4. Brauneis, Alexander & Mestel, Roland & Palan, Stefan, 2013. "Inducing low-carbon investment in the electric power industry through a price floor for emissions trading," Energy Policy, Elsevier, vol. 53(C), pages 190-204.
    5. Wood, Peter John & Jotzo, Frank, 2011. "Price floors for emissions trading," Energy Policy, Elsevier, vol. 39(3), pages 1746-1753, March.
    6. Nicholas Howarth, 2011. "Clean Energy Technology and the Role of Non-Carbon Price-Based Policy: An Evolutionary Economics Perspective," European Planning Studies, Taylor & Francis Journals, vol. 20(5), pages 871-891, October.
    7. Higgins, Paul A.T., 2013. "Frameworks for pricing greenhouse gas emissions and the policy objectives they promote," Energy Policy, Elsevier, vol. 62(C), pages 1301-1308.
    8. Stocking, Andrew, 2012. "Unintended consequences of price controls: An application to allowance markets," Journal of Environmental Economics and Management, Elsevier, vol. 63(1), pages 120-136.
    9. Claudia Kettner & Daniela Kletzan-Slamanig & Angela Köppl & Thomas Schinko & Andreas Türk, 2011. "ETCLIP – The Challenge of the European Carbon Market: Emission Trading, Carbon Leakage and Instruments to Stabilise the CO2 Price. Price Volatility in Carbon Markets: Why it Matters and How it Can be ," WIFO Working Papers 409, WIFO.

    More about this item

    Statistics

    Access and download statistics

    Corrections

    All material on this site has been provided by the respective publishers and authors. You can help correct errors and omissions. When requesting a correction, please mention this item's handle: RePEc:taf:tcpoxx:v:9:y:2009:i:6:p:612-633. See general information about how to correct material in RePEc.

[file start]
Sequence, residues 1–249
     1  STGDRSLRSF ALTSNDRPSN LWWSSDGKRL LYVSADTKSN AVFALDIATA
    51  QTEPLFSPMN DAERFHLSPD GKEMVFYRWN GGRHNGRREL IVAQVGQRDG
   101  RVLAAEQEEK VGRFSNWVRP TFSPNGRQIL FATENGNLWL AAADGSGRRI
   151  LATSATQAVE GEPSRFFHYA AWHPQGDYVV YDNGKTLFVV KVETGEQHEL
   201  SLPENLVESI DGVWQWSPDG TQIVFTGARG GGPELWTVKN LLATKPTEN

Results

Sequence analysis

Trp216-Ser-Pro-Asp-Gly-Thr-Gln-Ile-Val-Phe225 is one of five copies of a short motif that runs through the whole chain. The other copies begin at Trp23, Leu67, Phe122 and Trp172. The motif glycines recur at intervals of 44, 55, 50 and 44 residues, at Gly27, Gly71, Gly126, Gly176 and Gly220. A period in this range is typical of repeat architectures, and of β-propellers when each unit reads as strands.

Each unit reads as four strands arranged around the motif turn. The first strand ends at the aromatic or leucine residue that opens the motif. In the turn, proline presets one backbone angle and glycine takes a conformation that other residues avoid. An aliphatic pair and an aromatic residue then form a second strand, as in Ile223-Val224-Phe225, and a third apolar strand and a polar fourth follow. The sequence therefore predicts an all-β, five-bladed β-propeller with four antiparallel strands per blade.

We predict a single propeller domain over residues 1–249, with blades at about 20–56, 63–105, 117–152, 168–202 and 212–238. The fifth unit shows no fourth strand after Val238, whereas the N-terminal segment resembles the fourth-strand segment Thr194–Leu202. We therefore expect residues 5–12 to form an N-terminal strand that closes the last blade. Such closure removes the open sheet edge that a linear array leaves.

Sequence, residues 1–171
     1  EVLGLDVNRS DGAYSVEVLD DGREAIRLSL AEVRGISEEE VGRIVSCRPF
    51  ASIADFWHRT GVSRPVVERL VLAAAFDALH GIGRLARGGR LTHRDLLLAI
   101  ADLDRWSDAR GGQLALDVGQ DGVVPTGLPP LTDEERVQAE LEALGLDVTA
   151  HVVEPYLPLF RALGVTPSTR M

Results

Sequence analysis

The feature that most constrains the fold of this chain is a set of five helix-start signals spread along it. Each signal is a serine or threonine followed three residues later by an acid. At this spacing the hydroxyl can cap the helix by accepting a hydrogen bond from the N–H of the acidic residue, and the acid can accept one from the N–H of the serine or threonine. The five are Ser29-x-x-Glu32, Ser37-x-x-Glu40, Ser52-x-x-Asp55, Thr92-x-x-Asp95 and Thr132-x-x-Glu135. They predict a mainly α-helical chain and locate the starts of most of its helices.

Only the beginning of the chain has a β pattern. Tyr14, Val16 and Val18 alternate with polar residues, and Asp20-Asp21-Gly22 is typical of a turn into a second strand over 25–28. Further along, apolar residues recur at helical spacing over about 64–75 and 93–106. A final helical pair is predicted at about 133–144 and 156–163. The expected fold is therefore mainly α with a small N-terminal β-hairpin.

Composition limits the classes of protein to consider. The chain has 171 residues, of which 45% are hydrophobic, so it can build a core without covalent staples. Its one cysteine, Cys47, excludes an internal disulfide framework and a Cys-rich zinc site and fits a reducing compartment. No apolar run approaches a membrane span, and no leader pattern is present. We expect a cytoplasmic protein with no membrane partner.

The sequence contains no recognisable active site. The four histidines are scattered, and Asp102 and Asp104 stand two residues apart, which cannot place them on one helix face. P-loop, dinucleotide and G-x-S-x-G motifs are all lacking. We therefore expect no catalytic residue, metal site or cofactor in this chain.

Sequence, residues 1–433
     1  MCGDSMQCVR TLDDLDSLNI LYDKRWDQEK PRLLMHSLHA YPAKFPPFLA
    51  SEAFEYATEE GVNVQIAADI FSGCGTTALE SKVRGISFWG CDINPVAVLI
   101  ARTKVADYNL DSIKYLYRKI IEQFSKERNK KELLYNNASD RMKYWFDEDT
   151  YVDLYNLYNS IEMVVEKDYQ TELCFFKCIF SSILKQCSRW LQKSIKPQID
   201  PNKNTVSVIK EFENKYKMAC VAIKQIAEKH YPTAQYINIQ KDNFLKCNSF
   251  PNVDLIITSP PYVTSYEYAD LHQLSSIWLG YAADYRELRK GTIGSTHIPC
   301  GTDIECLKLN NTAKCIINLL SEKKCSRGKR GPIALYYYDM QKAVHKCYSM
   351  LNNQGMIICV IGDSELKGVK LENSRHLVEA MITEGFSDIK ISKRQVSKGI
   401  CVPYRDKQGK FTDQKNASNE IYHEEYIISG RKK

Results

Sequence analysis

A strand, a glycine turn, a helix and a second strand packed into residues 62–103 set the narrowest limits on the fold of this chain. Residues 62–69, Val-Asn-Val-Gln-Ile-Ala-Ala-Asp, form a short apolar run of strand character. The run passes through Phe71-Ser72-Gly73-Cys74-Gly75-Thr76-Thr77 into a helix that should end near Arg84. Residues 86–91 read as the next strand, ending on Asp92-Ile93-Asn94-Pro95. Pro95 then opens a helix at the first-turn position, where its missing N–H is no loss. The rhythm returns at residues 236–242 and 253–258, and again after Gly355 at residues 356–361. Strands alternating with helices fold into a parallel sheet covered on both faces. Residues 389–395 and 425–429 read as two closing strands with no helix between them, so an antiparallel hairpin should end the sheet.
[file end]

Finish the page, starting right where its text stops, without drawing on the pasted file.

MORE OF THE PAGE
For technical questions regarding this item, or to correct its authors, title, abstract, bibliographic or download information, contact: (Chris Longhurst). General contact details of provider: http://www.tandfonline.com/tcpo20 .

    If you have authored this item and are not yet registered with RePEc, we encourage you to do it here. This allows to link your profile to this item. It also allows you to accept potential citations to this item that we are uncertain about.

    If CitEc recognized a reference but did not link an item in RePEc to it, you can help with this form .

    If you know of missing items citing this one, you can help us creating those links by adding the relevant references in the same way as above, for each refering item. If you are a registered author of this item, you may also want to check the "citations" tab in your RePEc Author Service profile, as there may be some citations waiting for confirmation.

    Please note that corrections may take a couple of weeks to filter through the various RePEc services.

    IDEAS is a RePEc service hosted by the Research Division of the Federal Reserve Bank of St. Louis . RePEc uses bibliographic data supplied by the respective publishers.